Catfish, a documentary in which filmmakers Ariel Schulman and Henry Joost film the developing relationship of Ariel’s brother, Nev, with a family he met online through Facebook, unleashed massive debate about its authenticity. To put that one to bed, here’s David Calhoun, writing in Time Out “Some have accused Joost and the Schulman brothers of spinning a yarn. Personally, I think that reduces the very real debates the film raises to do with film-making ethics, the honesty of storytelling, the condescension with which the urbane view the provincial and the growing divide between the technologically sophisticated and technologically foolish.
If you begin with the premise that all films, docs and dramas, are constructs of one sort or another and it’s the how and why that’s important, you’ll have fun pulling this apart. Just don’t expect the filmmakers to join you at that level.’
I do, however, disagree with his comment that the filmmakers are ‘brandishing the falsest of sympathetic smiles’. I found the film funny, moving and deeply humane. And I’m not sure that the film deals with ‘the condescension with which the urban view the provincial’ so much as their lack of awareness. Nev in particular – admittedly I’m less sure about his brother and Joost – becomes increasingly uncomfortable and several times claims he’d prefer to stop filming.
This brings us neatly on to boundaries and Catfish’s fascinating investigation of them. In a series of Russian doll layering of themes and tropes, the line between fact and fiction – the ‘am I, aren’t I?’ teasing of the plot neatly reflects that of the authenticity of the film itself – and the line between our public and private selves is unpicked. Similarly, the extent to which we construct ourselves and our reality – both publicly and privately – through storytelling, offers a further commentary on the film-making process. Other boundaries too are highlighted: that between urban and rural, when Nev questions what future his relationship with Megan, the eldest daughter who lives in rural Michigan, could have. Or, most painfully, what happens when someone with an ‘access all areas’ cultural pass meets someone whose nose is still pressed against the glass.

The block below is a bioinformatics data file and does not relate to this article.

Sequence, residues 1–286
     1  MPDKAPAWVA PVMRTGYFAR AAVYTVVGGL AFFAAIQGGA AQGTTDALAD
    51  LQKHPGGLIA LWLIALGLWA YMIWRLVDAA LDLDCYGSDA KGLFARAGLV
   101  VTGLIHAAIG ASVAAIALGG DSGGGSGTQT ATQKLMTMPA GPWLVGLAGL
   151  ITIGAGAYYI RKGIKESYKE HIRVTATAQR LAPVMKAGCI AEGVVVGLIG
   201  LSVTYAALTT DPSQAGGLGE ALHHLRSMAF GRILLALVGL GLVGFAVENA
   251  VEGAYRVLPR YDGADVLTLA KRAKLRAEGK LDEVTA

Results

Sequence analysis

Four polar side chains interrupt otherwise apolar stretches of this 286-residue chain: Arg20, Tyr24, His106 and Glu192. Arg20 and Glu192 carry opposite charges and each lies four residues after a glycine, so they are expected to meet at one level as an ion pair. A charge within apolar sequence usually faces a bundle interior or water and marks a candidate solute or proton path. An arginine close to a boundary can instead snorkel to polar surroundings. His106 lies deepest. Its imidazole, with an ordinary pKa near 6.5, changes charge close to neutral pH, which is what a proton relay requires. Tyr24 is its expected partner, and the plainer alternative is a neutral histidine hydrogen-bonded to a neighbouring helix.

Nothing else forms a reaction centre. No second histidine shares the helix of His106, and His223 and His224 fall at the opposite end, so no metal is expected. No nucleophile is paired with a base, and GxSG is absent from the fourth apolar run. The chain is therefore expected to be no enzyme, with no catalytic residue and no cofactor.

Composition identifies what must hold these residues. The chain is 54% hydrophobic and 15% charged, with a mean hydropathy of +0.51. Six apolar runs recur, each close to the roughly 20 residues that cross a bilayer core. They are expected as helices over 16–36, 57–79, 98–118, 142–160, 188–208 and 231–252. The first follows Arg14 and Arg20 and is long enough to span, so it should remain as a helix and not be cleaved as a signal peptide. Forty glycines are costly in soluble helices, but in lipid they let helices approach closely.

Above all, the film raises some interesting questions about technology’s ability to increase the cultural parameters of our lives. Is the access it provides genuine? And to what extent can it be considered a double-edged sword? Does the virtual (close analysis of that word might prove instructive) access it offers only increase awareness of exclusion? What I love is the way these and other big questions are smuggled in on the back of a slight plot and a focus on the apparently inconsequential and everyday.
One particularly touching, funny (in a squirming kind of a way) scene has Nev reading out a text exchange with Megan. As these become raunchier, albeit in a pretty innocent, cheesy way, Nev retreats under the bed-clothes to cover his embarrassment. This scene, and the film as a whole, act to remind us that we don’t yet know the directions this new technology will take us, or the etiquette it might need. And, while it doesn’t claim to have the answers, it deserves a high mark for showing its creative working out of the problems.